Trollz – and your brand
When we partner with a brand or agency, we offer an assurance that the job will be done right. Our reputation lies in the protection of your reputation, and so we guard your brand (and/or client) like…well, a guard dog…
I was prompted to think about trolls the other day. If you’re a fantasy role-play nerd, this might excite you to contribute your anecdote about “that time when I…”, but no. We are, of course, talking about internet trolls. Amazingly, less cute and more trouble to get rid of.
There’s been some interesting research about internet trolls, where they come from and why they exist, the psychology, the sociology, the pathology. Having recently read a history of the French Revolution (Eric Hazan’s “A People’s History of the French Revolution”), it struck me that there was probably a conversation at Versailles where the King asked “Is this Marat trolling me?” Different era, different technology, same deal.
So, there’s perhaps nothing new about ‘trolling’ as such, save that we have handed the 21st century Marat a much larger printing press. One day, we are going to find our first cave painting where the comments section still exists, and we’ll see that right from the start there have been people yelling “Wake up, Sheeples!” after screaming their version of the truth. The subjects may change, but the message is always the same: “You’re wrong, I’m right… the Earth is round!” (as they started trolling 500 years ago).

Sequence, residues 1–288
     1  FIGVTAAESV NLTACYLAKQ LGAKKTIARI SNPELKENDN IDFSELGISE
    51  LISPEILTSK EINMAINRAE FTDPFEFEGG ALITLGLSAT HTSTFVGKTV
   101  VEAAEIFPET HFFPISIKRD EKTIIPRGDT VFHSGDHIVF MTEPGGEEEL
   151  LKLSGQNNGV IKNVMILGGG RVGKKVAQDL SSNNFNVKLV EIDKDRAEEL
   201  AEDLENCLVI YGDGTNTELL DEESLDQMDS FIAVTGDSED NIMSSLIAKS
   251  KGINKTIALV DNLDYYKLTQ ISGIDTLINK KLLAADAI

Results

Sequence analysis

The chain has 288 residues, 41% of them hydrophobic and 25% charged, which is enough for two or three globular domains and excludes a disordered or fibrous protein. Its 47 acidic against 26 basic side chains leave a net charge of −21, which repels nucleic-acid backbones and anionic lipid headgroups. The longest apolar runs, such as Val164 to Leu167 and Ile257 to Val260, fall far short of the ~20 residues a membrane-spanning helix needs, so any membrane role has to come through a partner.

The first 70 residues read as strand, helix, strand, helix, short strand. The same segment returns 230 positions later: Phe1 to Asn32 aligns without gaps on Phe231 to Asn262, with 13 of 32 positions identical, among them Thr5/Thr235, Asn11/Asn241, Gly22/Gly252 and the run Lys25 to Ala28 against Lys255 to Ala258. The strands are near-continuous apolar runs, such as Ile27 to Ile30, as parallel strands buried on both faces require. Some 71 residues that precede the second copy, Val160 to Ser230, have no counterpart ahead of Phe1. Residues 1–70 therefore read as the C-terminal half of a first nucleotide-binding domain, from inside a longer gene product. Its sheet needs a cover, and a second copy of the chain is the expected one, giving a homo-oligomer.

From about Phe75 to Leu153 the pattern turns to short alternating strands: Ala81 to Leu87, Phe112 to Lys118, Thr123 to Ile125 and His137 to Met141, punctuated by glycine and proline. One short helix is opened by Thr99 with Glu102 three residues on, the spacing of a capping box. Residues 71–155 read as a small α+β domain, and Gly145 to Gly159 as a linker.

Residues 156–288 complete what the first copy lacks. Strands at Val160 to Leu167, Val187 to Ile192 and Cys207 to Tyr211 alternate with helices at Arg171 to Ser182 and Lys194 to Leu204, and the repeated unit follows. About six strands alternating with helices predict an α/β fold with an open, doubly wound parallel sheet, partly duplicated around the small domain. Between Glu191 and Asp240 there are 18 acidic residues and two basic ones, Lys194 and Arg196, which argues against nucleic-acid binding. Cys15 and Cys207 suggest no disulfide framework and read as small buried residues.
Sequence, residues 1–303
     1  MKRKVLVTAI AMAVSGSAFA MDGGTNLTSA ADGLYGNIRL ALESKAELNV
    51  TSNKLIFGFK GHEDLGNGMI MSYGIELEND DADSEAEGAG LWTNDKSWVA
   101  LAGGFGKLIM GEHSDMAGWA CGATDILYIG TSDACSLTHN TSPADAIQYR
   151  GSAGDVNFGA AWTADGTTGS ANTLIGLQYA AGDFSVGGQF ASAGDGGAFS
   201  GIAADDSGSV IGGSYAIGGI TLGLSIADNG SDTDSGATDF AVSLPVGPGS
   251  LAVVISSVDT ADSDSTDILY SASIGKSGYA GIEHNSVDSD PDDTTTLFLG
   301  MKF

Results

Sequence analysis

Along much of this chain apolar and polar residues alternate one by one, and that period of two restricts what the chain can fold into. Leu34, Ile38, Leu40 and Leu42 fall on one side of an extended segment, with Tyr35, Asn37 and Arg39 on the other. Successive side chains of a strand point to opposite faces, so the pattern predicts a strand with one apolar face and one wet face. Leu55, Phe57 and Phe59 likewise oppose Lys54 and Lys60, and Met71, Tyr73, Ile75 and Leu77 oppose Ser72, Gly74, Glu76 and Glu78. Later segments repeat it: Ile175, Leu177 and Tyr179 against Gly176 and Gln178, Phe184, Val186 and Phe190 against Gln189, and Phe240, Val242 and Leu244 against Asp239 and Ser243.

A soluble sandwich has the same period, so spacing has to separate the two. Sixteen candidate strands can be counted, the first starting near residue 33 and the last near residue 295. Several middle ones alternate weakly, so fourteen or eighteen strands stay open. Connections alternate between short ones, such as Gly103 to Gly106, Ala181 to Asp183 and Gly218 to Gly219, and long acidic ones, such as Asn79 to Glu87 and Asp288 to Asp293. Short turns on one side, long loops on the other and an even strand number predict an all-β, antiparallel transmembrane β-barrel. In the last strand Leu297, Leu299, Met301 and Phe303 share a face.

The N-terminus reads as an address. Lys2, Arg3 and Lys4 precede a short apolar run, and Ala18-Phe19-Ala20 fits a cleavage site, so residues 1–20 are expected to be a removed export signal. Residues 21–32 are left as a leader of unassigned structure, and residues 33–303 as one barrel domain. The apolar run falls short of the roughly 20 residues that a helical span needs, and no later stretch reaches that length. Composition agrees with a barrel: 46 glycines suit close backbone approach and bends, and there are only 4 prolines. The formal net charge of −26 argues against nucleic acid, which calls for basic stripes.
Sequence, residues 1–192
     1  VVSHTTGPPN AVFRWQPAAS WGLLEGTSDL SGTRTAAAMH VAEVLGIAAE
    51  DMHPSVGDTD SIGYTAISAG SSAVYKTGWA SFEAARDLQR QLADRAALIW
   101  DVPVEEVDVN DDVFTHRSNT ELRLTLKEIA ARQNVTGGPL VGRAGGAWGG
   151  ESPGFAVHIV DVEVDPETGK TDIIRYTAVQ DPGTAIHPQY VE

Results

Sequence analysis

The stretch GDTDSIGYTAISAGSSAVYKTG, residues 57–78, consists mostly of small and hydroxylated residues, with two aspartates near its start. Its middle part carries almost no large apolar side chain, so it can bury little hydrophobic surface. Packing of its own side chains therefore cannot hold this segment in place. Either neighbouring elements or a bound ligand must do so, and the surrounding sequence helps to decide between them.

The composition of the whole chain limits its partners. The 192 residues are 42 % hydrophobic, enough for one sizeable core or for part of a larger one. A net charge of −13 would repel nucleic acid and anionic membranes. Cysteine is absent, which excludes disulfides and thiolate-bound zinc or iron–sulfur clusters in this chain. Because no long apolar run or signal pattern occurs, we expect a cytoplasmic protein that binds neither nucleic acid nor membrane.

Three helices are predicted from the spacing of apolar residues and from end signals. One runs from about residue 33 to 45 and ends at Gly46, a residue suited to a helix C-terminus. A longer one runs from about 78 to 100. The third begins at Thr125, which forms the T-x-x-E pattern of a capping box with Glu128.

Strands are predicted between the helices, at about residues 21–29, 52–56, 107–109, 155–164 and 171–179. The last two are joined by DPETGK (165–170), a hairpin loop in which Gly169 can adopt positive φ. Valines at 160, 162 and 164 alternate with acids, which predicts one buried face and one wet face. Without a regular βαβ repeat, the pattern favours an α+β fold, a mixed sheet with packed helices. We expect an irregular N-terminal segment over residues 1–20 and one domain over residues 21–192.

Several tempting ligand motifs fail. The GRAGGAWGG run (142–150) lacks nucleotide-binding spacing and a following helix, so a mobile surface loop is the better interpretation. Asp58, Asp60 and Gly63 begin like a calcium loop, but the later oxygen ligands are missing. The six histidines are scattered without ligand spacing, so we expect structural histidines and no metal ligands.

What a lot of this academic study doesn’t cover is the question any brand is going to know the answer to. Namely: “Why is this happening to us?”, which will be closely followed by “What can we do to get rid of it?”
Trolling is both mind-numbingly predictable, and baffling random. One second you’re talking about maps – boom! – now you’ve attracted a troll who wants to derail your discussion into a diatribe about Palestine. Sometimes, your brand is naturally affiliated with a position that draws hostile comment, such as cosmetic brands, or people who offer around the world cruises. Sometimes, you’re pretty much troll-neutral as a brand, but a tweet or a clever meme gets out of hand.
The bottom line is that you can’t avoid trolls, even if you censor yourself to the point of anonymity. Somewhere out there is someone who doesn’t like your toothpaste, and is going to link it to the loss of wildlife habitat in Antartica. If you’re online (and who isn’t), they will find you eventually.
So, what to do about it? First, I want to emphasise that trolls are a different version of humanity who don’t respond to the normal rules of discourse. If you say something, and another (normal) person doesn’t like it, they might say “I don’t like this” on your feed, but then that’s it. You respond or you don’t, but it’s done.
A troll, though, has an agenda. And nothing you can do will deflect or calm that sense of mission they have to educate the misguided. When a troll latches onto you, they stick around like that ugly jumper you bought when it was fashionable for twenty minutes. Every time you look in your wardrobe, there it will be.
One quick caveat here: there are people who act like trolls, but who don’t have this limpet-like quality. They are fire-and-forget trolls, who wreak their havoc but don’t even hang around to see how anybody responds because they are off to a new venue. You still have to deal with the effects of their passing, but they’re not going to completely overturn your stall. Sensible moderation practices will catch them as easily as you get read of someone who F-bombs your Facebook page.